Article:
Everyone in the office has their own SOTA (state of the art). A SOTA is an individual’s unique problem-solving approach based on background and experience, personal brand, skills, and strengths. Autonomy can take many different forms. Organizations may let employees set their own schedules, choose how to do their work or even elect to work from home. If you’re working from home you’re not playing ping pong.
Great leadership is born from successful leaders who challenge their colleagues way of thinking, their capabilities, and bring to light the areas of improvement. My boss always challenges our teams to think and do a lot of research. We have an unlimited amount of tools to help us grow. This keeps us up to date, learn new techniques, and never allows us to stay stagnant. Not thinking harbors familiar results.
Successful leaders are excellent communicators. Mike does a great job of instilling the company’s core values and mission statement to ensure that there is a shared vision being properly executed through the teams.
Learning and education
Interns are given a 16+ book list to read. Even after that list we love to read up on our craft. Twice a month we have lunch and learn presentations on various topics that we use, we know or we search for topics that we are uneducated about.
We are a shop steeped in knowledge and research. We have a 70/30 rule during the week. 70% of our time is spent on billable work, while the last 30% is spent on personal branding, researching a certain topic, or working on a science project. We like breaking things and building better solutions.
The most important aspect of any culture is a strong, collaborative atmosphere. Lucky for me I like every one of my coworkers. We all share a common goal, so it is important we all understand each other. If we aren’t on the same page communication will be inconsistent. Each member of the team has their own special abilities, but overall responsibility of the project is shared amongst the group as a whole.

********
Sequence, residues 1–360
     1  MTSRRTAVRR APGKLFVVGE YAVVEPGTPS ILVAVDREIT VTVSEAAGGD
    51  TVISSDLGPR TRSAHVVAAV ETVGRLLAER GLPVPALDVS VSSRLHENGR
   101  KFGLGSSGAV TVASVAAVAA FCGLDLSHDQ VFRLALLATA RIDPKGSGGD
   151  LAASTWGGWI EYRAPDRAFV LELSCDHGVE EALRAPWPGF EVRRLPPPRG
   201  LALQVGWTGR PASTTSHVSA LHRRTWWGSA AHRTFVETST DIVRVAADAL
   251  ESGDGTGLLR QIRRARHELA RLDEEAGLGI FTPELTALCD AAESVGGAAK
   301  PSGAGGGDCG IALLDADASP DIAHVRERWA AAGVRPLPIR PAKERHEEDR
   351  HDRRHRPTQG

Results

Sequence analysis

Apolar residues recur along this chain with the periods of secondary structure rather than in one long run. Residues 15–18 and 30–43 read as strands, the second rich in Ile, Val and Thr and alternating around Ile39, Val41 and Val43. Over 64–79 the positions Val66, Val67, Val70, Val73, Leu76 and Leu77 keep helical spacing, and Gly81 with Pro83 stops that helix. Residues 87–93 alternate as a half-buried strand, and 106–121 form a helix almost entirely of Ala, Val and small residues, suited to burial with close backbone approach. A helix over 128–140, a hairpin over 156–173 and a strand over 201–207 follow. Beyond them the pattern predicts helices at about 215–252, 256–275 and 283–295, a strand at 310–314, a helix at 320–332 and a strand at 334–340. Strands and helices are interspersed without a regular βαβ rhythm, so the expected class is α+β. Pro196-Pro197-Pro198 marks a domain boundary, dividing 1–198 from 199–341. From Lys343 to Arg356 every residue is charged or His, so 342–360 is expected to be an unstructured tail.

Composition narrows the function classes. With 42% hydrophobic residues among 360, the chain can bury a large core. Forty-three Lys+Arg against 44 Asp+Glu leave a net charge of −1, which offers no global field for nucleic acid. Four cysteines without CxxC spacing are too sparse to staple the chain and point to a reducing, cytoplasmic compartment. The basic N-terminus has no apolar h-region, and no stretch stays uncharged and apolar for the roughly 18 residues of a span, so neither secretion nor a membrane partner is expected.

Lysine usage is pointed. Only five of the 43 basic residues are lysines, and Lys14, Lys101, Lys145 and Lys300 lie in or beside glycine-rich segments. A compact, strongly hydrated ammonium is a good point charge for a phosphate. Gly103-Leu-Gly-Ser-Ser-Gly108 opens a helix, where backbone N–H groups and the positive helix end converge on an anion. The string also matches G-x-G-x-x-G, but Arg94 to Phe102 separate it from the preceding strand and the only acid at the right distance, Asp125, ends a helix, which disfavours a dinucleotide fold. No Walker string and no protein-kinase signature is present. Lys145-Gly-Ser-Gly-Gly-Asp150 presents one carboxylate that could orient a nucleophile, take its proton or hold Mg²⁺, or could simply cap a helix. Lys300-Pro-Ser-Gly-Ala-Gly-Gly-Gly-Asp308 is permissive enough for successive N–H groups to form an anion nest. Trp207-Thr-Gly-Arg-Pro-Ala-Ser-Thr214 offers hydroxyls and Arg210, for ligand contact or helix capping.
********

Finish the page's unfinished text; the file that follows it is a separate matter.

Every Friday at 11am we have a company stand up. The stand up is a collection of what happened during that week. This keeps all the teams up to date on what other teams have going on. At the end of the meeting we go around the room and everyone is allowed the chance to voice their concerns on an issue. When it’s over most of us gather and go out to lunch. Sometimes we rent scooters and ride around town.
All companies bloom in different ways and at different times. Organizational culture is the personality of a company. It’s a combination of shared values, company vision, expectations, goals, and most importantly the people who nourish a strong foundation for shaping that culture. It’s taken feature a couple of years to build the perfect culture that works best for us. It runs on creativity, trust, and research. Not all companies will work the way we do, and that’s okay. Sure it’s not perfect, but it’s pretty damn close.
If going on vacation doesn’t make you miss your job then you probably need to re-evaluate your company’s culture.